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Freelancers are willing to trade money for career creativity and the freedom to choose their work, new research has found. More than 40 percent of freelancers said that the freedom of choice in their work topped the list as the most appealing feature of freelancing.
Next to having a choice in their work, freelancers chose the creative experience and opportunity as the second most appealing feature of freelancing. Just 19 percent of respondents listed the financial reward of freelancing as its most appealing feature. In particular, workers lauded freelancing for giving "time around my children" and "freedom from the stink of internal politics."
Freelancing, however, did have some drawbacks, the study also found. Almost 40 percent of freelancers said the inactivity between assignments was the least appealing aspect of freelance work. One in four freelancers also complained about the insecurity that freelancing provided. Other specific problems respondents cited with freelancing included "having to spend ages chasing payments and doing accounts" and "missing out on the social aspects and networking."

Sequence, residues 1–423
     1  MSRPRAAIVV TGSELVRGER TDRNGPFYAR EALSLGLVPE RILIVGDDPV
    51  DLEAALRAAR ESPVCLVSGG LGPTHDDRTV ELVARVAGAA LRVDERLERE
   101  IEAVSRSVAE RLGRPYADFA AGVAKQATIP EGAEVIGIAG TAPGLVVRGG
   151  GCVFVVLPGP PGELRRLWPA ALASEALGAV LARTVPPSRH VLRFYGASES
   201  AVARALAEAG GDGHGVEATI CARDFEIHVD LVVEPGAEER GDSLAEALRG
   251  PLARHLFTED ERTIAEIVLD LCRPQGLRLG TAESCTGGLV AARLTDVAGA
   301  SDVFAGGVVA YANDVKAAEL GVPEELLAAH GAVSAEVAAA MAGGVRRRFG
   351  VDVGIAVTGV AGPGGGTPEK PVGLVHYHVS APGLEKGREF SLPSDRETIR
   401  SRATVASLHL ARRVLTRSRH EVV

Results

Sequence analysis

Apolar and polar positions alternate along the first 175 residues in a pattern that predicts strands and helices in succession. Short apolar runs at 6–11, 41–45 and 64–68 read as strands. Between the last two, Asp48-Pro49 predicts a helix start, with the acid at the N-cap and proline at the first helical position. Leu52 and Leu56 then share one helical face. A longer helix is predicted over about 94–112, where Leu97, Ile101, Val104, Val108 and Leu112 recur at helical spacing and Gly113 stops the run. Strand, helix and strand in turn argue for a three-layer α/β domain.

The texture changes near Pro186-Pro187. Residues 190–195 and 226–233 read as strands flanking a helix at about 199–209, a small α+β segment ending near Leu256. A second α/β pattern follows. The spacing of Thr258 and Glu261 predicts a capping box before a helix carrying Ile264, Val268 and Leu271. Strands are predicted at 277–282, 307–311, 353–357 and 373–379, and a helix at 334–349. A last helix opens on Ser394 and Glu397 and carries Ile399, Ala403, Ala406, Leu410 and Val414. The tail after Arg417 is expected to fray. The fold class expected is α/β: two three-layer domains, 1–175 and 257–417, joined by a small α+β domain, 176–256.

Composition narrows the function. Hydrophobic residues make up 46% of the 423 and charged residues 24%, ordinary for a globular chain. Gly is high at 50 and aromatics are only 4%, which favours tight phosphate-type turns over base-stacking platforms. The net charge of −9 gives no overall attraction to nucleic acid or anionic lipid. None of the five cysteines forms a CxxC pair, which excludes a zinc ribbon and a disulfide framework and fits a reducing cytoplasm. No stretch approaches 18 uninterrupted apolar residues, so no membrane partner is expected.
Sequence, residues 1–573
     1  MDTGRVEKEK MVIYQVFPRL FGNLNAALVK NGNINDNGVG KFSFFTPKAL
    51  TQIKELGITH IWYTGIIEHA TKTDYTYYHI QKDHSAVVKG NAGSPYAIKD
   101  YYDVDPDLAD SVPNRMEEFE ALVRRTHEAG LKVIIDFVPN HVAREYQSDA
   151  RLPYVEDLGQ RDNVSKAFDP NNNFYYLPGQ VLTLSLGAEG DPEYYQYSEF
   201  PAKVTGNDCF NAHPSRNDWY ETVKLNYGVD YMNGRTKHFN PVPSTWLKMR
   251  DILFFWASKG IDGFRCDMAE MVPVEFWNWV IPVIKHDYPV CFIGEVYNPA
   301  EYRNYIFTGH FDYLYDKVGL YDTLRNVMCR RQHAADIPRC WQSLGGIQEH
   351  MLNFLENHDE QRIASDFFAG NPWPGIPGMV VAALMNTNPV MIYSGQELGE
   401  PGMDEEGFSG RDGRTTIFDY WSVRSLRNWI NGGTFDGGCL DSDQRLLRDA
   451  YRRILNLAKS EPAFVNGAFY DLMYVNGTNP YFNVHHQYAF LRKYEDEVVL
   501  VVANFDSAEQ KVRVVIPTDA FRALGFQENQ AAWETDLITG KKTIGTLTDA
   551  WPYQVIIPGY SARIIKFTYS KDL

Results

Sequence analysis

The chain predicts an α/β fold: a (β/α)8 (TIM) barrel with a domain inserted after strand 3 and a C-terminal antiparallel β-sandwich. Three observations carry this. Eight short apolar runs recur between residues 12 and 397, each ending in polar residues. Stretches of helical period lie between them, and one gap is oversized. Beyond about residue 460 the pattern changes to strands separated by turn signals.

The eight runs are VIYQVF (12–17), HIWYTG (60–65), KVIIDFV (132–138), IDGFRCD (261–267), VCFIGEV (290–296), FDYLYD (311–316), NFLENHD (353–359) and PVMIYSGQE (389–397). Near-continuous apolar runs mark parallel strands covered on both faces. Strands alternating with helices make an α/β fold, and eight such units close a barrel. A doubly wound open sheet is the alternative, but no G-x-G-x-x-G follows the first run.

Even with those problems, freelancing remains a growing option for many workers. The study found that 39 percent of respondents began freelancing around 2009, but just 28 percent of freelancers said they were freelancing because they could not find a permanent position for other reasons.
The information in this research was based on the responses of more than 1,000 creative, design and marketing freelance professionals. The research was conducted by Major Players, a top United Kingdom recruiter.